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Now that I've been out of school for two weeks and the daily temperatures are reaching ninety degrees, I can't help but think it's about time for me to get a tan. Driving to the office this morning, I was more than aware of my pale complexion shining in the corner of my eye from the rearview mirror, practically blinding me through my sunglasses. However, as I become older and wiser (approaching the ripe old age of 21 this fall), I'm realizing the importance of protecting my skin's natural luminance and beauty against the sun's dangerous ultraviolet rays.
What's supposed to be a quick venture into a local drug or beauty store for some sunscreen can easily turn into half an hour of wandering up and down aisles, comparing prices and ingredients. We all have the product we gravitate to; for me, it's Neutrogena's Sensitive Sunblock Lotion. However, reading Ariel Schwartz's recent article, frighteningly titled "Your Sunscreen May Give You Cancer," in Fast Company has caused me to question my sun protection routine.
Schwartz outlines a newly-published study by the Environmental Working Group (EWG) that surveyed 500 popular sunscreens. She writes that of these 500, "the EWG recommends just 39 (8%) of 500 beach and sport sunscreens tested." If you find this figure shocking, you're not alone. Trust me, it never crossed my mind that the product I buy to protect myself against skin cancer may actually be contributing to my risk! Following Schwartz's links directly to the EWG's website, I looked up Neutrogena myself to look into the evaluation of my regular product. While the Sensitive Skin Sunblock I used received a mild evaluation (a score of 4 on a 0-10 scale, with 0 being the safest and most effective and 10 being the sunscreens to absolutely avoid), you can imagine my surprise when I read on to discover that many Neutrogena products were determined dangerous by the EWG for having misleading SPFs, containing the synthetic estrogen oxybenzone, and providing unbalanced protection, among other issues.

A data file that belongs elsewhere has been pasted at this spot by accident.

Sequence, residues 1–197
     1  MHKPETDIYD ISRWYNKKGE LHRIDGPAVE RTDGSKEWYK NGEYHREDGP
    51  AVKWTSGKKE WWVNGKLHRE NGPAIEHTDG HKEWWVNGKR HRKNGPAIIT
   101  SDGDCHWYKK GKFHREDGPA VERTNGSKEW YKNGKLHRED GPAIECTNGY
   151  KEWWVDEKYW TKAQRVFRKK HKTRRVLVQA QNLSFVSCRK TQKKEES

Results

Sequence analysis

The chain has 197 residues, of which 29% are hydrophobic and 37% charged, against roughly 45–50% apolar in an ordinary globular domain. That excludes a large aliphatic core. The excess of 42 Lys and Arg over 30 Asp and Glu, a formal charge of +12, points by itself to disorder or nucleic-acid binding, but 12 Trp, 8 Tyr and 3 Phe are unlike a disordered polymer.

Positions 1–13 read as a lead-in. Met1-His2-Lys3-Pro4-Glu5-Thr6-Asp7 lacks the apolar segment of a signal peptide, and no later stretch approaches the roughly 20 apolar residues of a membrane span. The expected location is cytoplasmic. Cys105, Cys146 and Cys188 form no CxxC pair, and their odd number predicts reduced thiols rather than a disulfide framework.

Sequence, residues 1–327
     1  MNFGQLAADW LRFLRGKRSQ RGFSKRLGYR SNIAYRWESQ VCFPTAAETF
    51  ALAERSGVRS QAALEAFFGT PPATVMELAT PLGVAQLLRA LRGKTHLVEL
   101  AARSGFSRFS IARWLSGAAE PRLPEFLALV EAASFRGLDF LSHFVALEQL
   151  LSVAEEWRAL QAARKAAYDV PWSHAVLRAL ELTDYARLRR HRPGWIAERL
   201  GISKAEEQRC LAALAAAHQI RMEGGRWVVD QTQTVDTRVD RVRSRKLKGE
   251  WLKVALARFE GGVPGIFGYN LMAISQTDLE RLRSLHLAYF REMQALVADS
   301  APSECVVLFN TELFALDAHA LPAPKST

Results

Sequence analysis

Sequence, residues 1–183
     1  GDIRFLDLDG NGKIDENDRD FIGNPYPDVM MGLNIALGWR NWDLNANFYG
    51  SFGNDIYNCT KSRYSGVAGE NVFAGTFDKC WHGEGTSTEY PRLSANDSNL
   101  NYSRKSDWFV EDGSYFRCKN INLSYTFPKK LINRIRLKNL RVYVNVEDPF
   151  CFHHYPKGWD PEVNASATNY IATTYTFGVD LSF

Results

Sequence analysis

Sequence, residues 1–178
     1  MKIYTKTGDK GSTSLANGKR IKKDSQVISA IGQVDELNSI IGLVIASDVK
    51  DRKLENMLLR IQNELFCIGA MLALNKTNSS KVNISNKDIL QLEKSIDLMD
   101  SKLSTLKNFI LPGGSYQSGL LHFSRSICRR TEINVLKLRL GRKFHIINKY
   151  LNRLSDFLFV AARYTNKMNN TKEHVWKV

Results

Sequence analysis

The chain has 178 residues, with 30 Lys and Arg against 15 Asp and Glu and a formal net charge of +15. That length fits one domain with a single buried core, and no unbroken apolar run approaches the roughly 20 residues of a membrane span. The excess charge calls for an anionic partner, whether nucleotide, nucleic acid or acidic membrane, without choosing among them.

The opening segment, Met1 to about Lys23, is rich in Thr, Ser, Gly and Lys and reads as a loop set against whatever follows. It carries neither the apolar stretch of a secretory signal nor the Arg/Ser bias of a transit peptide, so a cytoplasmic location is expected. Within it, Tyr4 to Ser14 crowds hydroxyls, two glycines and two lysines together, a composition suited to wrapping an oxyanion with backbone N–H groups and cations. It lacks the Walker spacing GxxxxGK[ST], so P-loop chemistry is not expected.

I'm no sun protection expert, so it's important that you read Schwartz's article and peruse the EWG study yourself before you make decisions about your own sun routine. Even so, my first week at Shoestring has made me familiar with a few great sun products that are both eco-friendly and offer exceptional protection, as outlined by Rachel Lincoln Sarnoff in her newest Queen of Green article, "Sustainable Swimwear Under $100." And as a loyal New Hampshirite, I'd also recommend sun products by the NH company W.S. Badger (widely available at Whole Foods), all of which are organic, affordable and scored excellent ratings on the EWG site.
With a long Memorial Day Weekend around the corner, it looks like I'm going to be forgoing my usual suncare routine (and my dreams of being bronzed at the beach) in favor of a healthier and more sustainable option. But this doesn't have to mean I'll never rock a tan again; I sense an investigation into effective and sustainable self tanners coming on.
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